Understood chav

I was watching tonight's Inspector Lynley episode, and heard one of the characters talk about "chavs". Sometimes I don't understand the slang they use, but I understood what a chav was because I found out about it a while ago. So I guess my language "research" helps in understanding TV programs. Which is important for Entertainment Enjoyment.

But there is some sad news: I didn't know that Series 6 started last week, so I missed the first episode, and have to make due with the remaining few episodes of the series. Which means that I have to somehow find a way to move on in life with an incomplete appreciation of Inspector Lynley's greatness. But I'll get over such a tragedy :)


Lilly said...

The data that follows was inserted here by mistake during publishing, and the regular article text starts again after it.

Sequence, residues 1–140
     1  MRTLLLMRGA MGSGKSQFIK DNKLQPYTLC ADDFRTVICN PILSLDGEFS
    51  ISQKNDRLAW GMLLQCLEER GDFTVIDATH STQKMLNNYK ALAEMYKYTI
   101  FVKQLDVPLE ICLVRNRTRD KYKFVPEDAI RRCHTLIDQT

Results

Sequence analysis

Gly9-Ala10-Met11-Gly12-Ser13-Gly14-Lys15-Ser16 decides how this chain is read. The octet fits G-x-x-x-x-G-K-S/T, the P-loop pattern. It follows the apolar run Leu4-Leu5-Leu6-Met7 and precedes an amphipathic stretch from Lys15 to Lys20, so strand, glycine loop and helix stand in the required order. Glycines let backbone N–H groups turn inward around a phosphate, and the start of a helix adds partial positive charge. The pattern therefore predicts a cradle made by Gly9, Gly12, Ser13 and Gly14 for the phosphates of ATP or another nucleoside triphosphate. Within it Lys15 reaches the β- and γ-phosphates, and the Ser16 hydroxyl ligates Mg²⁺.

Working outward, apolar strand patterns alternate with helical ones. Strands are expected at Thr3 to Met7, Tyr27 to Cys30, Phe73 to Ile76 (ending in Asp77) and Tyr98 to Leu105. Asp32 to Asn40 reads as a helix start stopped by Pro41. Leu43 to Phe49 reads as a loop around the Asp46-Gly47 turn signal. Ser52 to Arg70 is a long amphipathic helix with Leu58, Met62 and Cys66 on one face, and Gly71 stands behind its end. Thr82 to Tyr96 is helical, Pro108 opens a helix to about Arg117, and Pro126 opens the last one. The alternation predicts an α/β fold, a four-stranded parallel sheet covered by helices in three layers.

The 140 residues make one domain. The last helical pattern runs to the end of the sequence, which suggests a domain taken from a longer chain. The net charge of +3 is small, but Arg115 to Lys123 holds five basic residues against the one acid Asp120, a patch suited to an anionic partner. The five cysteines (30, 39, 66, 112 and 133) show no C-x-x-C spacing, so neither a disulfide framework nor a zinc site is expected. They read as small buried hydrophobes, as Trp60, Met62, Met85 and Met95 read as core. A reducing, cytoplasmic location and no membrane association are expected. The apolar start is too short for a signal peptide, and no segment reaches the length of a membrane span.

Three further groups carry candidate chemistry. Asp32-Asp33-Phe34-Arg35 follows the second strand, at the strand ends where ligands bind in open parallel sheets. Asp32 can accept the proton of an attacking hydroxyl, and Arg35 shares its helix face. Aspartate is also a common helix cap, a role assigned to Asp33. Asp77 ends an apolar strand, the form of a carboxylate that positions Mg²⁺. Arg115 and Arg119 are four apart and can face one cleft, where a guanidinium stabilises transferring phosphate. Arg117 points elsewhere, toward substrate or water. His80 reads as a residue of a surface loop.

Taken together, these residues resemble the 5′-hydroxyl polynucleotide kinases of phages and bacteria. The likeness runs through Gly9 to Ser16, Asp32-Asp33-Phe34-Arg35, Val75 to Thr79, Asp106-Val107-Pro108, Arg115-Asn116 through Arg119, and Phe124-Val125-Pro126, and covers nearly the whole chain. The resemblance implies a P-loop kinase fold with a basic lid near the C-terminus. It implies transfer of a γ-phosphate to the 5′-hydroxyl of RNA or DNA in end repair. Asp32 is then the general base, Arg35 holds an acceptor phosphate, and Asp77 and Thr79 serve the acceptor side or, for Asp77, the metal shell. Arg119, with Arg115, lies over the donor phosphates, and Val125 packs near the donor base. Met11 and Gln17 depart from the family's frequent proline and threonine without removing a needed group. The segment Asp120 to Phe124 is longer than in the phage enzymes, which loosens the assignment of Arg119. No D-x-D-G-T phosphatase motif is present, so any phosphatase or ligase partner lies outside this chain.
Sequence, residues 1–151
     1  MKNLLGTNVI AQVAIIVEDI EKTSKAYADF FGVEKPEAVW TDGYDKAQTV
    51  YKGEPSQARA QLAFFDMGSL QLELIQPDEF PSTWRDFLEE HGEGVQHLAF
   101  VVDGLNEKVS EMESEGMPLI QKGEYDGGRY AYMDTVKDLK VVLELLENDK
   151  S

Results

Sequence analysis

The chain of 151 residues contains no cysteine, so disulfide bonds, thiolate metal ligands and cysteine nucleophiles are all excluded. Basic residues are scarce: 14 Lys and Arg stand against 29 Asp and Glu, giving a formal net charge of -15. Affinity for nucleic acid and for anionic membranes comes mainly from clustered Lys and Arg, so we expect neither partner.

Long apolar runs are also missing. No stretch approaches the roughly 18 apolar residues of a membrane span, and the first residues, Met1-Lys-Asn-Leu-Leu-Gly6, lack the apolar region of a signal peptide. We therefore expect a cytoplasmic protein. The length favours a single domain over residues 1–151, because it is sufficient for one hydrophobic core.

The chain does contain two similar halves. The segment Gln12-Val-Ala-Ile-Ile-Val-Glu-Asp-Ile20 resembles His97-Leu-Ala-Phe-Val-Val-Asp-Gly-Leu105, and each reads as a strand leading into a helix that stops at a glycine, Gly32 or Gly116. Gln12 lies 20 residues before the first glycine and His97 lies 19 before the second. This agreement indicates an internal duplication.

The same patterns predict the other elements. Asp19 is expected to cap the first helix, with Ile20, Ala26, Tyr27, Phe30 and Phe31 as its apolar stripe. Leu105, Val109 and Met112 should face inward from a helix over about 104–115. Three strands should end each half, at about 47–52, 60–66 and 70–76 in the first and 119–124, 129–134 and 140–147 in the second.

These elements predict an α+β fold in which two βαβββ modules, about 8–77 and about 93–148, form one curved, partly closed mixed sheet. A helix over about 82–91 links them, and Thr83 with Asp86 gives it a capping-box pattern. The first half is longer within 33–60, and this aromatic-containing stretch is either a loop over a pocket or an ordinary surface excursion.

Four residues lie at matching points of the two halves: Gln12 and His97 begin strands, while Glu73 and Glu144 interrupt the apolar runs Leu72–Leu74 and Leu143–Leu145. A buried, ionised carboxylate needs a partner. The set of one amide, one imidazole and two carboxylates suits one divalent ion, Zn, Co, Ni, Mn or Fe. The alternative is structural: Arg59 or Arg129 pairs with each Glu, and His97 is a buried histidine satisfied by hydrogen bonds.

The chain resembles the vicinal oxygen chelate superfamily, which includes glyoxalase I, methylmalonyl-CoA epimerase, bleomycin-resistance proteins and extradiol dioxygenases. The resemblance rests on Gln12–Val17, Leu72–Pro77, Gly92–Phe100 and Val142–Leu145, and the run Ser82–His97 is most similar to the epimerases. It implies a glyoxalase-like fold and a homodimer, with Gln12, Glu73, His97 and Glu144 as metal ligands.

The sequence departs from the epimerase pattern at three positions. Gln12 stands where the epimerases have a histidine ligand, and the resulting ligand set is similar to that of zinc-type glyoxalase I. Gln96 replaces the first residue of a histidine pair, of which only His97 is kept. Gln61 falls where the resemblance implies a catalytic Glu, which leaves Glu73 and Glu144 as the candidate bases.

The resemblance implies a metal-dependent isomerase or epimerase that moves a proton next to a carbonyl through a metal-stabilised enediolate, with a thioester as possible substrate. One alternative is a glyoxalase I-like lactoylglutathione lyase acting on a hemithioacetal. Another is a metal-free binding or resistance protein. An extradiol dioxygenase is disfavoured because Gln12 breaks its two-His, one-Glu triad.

Oh dear -- chavs! Or neds. Not my most favourite group of people, to be frank. I've encountered a few throughout my years in the UK. I find them scary!

I've always found the differences between British English and American English very interesting. Pavement/sidewalk - trousers/pants - lift/elevator - biscuit/cookie etc etc....amazing how different those languages really are. And I've always wondered why the Americans cut out the 'u' in words such as behaviour and colour...and why they do not pronounce the 'h' in herb. Is it because Americans are lazy? Perhaps I think too much about these things, which do not really matter. But I cannot help it.

Margaret Larkin said...

We cut out the "u" because we're simple-minded English speakers--we're removed from the Motherland, and have successfully simplified the Brits' native tongue :D But at least we won the Revolution :D